Autumn, Carstramon Wood
As the season changes it brings a pause for reflection; time to re-evaluate and consider which directions to take next. For every decision made there are the other choices which are put aside, sometimes it is worth stopping and taking extra time to consider before moving forward.
Outside the colours shift day by day, from an almost imperceptible yellowing to bonfire oranges and rusty browns. The veteran ashes on the heath are the first to shed their leaves, revealing their magnificent structures weeks before their younger descendants. Large woodland beeches begin their spectacular colour transformation and by the coast the salt marsh begins to yellow and the moor tops fade to glorious rusty shades.
By mid October the Colvend coast is definitely looking Autumnal and I made a trip out for some sketching and research, this time to a fascinating section of beach between between Powillimount and Arbigland. Situated between Southerness and Carsethorn it is a designated Site of Special Scientific Interest (SSSI), part of the Upper Solway Flats and Marshes and the Nith Estuary National Scenic Area. The shoreline weaves around coves and limestone formations, taking you up and down through old sessile oak woodland and revealing wonderful rock formations which are accessible at low tide.
It would be fascinating to have a tour from a geologist, but I did manage to find some specific information for the location from the British Geological Survey [http://earthwise.bgs.ac.uk/index.php/Southerness_To_Borron_Point_-_an_excursion] and the Scottish Geology Trust [https://www.scottishgeology.com/best-places/southerness/]. There are spectacular things to be seen here; sandstone, mudstone and limestone formed during the carboniferous period some 340 million years ago, once sediment deposited on the shallow sea bed then fractured, folded and eroded; liquefaction structures consisting of domes and volcanoes and fossils of corals and gastropods amongst many others. Some look like layers of material, or piped mud settled and flattened with dark folds, others resemble man-made geometric pavement blocks and long half-sunk roadways. I am particularly drawn to the rockpools with nostalgic 1960’s colours and patterns, smooth matt chestnut-brown rocks with rounded hollows, rings of yellow lichen and dark brown splashy dots contrast with the algae-green shining water.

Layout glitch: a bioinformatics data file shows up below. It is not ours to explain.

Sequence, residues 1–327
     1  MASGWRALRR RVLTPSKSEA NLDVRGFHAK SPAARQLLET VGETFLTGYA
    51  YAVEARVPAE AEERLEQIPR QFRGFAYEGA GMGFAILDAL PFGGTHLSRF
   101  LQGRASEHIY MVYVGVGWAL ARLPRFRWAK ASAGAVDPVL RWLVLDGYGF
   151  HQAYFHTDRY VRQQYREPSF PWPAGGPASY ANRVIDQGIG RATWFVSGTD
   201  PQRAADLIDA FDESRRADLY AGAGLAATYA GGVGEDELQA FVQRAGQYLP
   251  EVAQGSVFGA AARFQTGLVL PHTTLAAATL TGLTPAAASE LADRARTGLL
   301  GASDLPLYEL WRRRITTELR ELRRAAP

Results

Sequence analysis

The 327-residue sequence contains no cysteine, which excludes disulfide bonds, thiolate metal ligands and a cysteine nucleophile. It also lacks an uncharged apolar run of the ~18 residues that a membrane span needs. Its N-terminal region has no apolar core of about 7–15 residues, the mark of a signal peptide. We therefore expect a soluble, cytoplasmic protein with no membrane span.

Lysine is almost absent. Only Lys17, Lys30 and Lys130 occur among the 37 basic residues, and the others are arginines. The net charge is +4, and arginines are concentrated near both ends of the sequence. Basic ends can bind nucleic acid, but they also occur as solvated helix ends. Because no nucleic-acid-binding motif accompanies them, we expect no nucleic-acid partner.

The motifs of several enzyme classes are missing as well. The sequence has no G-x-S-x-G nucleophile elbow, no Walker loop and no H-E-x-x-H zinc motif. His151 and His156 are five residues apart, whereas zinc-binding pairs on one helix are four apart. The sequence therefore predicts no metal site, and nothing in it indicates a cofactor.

Towards the end of the month, high winds have blown a lot of last weeks leaves off from the Laurieston pass, but in the valleys the autumnal display is still in full magnificence. Carstramon Wood glows in waves of sunlight shed between clouds, the warm colours accentuated against a cobalt blue sky.
As we move to November, after the past few days storms, there are a surprising amount of leaves left in sheltered woodland. Inland from Mersehead the larches are spectacular, boldly yellow and amber along spreading branches and beneath, tiny saplings rise from the ground like flames from the soft bed of needles.